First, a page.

O’Reilly said the Navy SEALs had everything to do with killing bin Laden in May 2011. Well, yes they did. The brave men risked everything by flying into Pakistan on a moonless night, landing their helicopters in bin Laden’s compound, looking for bin Laden, finding him, killing him and then hauling his corpse out of there.

However, to say that a commander in chief who issues the order “had nothing to do” with its success ignores the truth of what would have happened had the mission failed.

Did President Carter have “nothing to do” with the mission to rescue the Iran hostages in April 1980, the one that failed, costing eight American lives in the middle of the desert? He wasn’t at the controls of any of the helicopters that crashed. But he certainly got the blame — chiefly from those on the right — for the mission’s failure.

Did President Truman have “nothing to do” with ending World War II when he issued the order to drop the atomic bombs on Hiroshima and Nagasaki? What if the Enola Gay B-29 bomber had crashed on its flight over Japan? Give ‘Em Hell Harry would have caught plenty of hell himself.

This ridiculous notion that presidents don’t risk enormous political capital when they make these difficult decisions is the stuff of nonsense.

Barack Obama had to weigh the risks of sending in the commandoes when he ordered the hit on bin Laden. He could have ordered air strikes that could have killed innocent civilians. He didn’t. He could have passed, deciding the risk was too great. He didn’t do that, either.

The president did what presidents get paid to do. He made the difficult call.

Thus, he, too, had everything to do with the success of the raid to kill Osama bin Laden.


Hiroshima gets personal with me

Allow me this bit of personal reflection on what arguably may be the most globally significant event of the 20th century.

President Harry Truman ordered the dropping of a very large bomb on a Japanese city 68 years ago this week. It was on Aug. 6, 1945 that a long-range B-29 bomber nicknamed the “Enola Gay” took off from a small Pacific island and headed for Japan. The Enola Gay, named after the mother of the plane’s pilot, Col. Paul Tibbitts, dropped a single bomb on Hiroshima. It killed tens of thousands of people instantly. It sent a clear message to the Japanese Empire: We’ve got this great weapon and we aren’t afraid to use it.

The president ordered another atomic bomb mission three days later. It caused similar devastation damage to Nagasaki, Japan. Five days after that, the Japanese surrendered. And on Sept. 2, 1945, U.S. Army Gen. Douglas MacArthur — who commanded all Allied forces in the Pacific — accepted the signed documents in Tokyo Harbor that ended World War II.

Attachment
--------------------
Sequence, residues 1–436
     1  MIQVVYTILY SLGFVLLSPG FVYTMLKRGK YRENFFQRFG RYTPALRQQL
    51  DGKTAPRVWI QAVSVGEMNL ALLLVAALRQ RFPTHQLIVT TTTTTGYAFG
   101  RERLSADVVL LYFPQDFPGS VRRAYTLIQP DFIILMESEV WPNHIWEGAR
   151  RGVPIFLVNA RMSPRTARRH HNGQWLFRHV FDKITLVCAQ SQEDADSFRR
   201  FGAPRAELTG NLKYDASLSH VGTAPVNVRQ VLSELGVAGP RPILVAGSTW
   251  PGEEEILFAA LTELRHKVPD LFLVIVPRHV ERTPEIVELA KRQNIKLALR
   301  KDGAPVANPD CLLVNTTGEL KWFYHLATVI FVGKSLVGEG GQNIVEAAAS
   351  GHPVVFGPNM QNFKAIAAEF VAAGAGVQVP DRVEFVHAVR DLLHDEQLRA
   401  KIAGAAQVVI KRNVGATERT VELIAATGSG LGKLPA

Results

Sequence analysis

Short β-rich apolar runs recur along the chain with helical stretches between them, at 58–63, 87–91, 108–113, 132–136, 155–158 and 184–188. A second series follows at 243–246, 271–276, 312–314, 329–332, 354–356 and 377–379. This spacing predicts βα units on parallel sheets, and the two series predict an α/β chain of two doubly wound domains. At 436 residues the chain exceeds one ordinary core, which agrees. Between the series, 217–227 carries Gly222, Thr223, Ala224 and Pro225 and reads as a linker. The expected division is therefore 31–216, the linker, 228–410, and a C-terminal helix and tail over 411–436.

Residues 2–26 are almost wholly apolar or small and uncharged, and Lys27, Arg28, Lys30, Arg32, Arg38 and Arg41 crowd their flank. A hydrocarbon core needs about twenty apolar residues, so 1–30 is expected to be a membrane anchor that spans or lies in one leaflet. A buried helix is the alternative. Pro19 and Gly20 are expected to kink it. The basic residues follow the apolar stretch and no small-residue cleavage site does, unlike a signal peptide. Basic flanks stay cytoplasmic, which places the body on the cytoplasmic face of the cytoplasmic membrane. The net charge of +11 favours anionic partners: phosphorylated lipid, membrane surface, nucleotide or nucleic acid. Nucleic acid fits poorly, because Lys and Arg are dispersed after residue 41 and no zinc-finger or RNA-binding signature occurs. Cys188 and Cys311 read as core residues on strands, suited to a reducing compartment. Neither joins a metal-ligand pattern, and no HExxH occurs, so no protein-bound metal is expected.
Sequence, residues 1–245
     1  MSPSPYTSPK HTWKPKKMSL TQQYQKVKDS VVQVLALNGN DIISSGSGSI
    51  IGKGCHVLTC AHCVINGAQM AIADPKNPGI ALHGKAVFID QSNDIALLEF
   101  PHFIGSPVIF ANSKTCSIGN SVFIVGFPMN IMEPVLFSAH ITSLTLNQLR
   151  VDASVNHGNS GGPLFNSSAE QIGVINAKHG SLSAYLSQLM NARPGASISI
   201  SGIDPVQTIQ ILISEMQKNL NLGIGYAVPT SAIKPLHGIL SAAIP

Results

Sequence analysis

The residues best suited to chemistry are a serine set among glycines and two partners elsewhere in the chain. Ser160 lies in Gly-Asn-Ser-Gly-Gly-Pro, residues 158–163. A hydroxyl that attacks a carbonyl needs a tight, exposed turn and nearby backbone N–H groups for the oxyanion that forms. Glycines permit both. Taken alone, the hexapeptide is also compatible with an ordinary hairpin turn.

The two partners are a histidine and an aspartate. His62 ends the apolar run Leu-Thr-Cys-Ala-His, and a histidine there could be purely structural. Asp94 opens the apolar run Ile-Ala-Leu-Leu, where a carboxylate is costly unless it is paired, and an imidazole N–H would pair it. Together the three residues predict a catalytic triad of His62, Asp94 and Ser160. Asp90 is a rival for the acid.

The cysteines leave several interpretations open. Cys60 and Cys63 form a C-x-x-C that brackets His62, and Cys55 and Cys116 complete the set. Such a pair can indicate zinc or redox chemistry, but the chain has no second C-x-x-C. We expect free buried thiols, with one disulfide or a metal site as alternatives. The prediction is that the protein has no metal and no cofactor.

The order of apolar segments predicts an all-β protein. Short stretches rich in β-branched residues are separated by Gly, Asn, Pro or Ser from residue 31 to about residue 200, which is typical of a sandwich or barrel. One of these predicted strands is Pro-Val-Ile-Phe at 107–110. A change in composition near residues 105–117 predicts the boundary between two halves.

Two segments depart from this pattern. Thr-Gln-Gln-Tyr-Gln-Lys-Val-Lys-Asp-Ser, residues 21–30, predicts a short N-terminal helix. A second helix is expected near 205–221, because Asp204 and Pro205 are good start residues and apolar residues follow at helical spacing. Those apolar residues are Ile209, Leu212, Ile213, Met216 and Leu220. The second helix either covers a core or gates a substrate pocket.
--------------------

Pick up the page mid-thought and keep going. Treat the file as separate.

Why am I so interested in all of this? Why the personal stake?

My late father was serving in the U.S. Navy at that very moment in history. Pete Kanelis was a boatswain’s mate stationed in the Philippines. I do not know precisely what he would have done when the inevitable invasion of Japan would occur, but he would have been a part of what virtually everyone in America believed would be the bloodiest battle imaginable to secure a final victory.

Dad had been through hell already in another combat theater, in the Mediterranean Sea. He had taken part in three invasions: North Africa, Sicily and Italy. He had endured during one stretch 105 consecutive days of aerial bombardment from German and Italian aircraft. When they sounded general quarters aboard ship, Dad would strap himself into a 3-inch/50-calibre gun. Dad recorded at least one kill firing that weapon, a German JU-88 medium-range bomber he shot out of the sky.

Dad’s luck ran out, though, when an Italian dive bomber sank his ship. Dad dived into the drink, where he treaded water before a British destroyer picked him up.

After that, Dad came back to the States for a time, and then was deployed to the Pacific Theater.

He didn’t talk too much about those experiences. He would respond when I asked him but he didn’t volunteer this history of himself.

The tide of battle had turned in the Pacific by the time Dad got there. It was just a matter of time before our forces would win that war. But the president, brand new in the office after the death of President Franklin Roosevelt in April 1945, learned of this frightening way to end the war more quickly. The atomic bomb had been exploded successfully in July 1945 near Las Cruces, N.M. The brass presented the president with the option of dropping one of those bombs on the Japanese.

Truman’s decision — based on what he knew at the time — was the right one. Second-guessers have questioned the wisdom of that decision, but they — unlike the president and his national security team at the time — have the wisdom of hindsight. Truman knew he had to something to end the bloodshed and in his mind, this terrible weapon was the best option available to him.

The Japanese knew immediately after the two weapons fell on them that their effort was doomed. So, rather than risking perhaps millions of Japanese and American lives in a futile fight, they surrendered.

One of those American victims could well have been my father. Thus, you see why I am grateful for President Truman’s courage.

The president well could have saved my father’s life and, as they say, allowed me to be here today to write about it.

Thank you, Mr. President.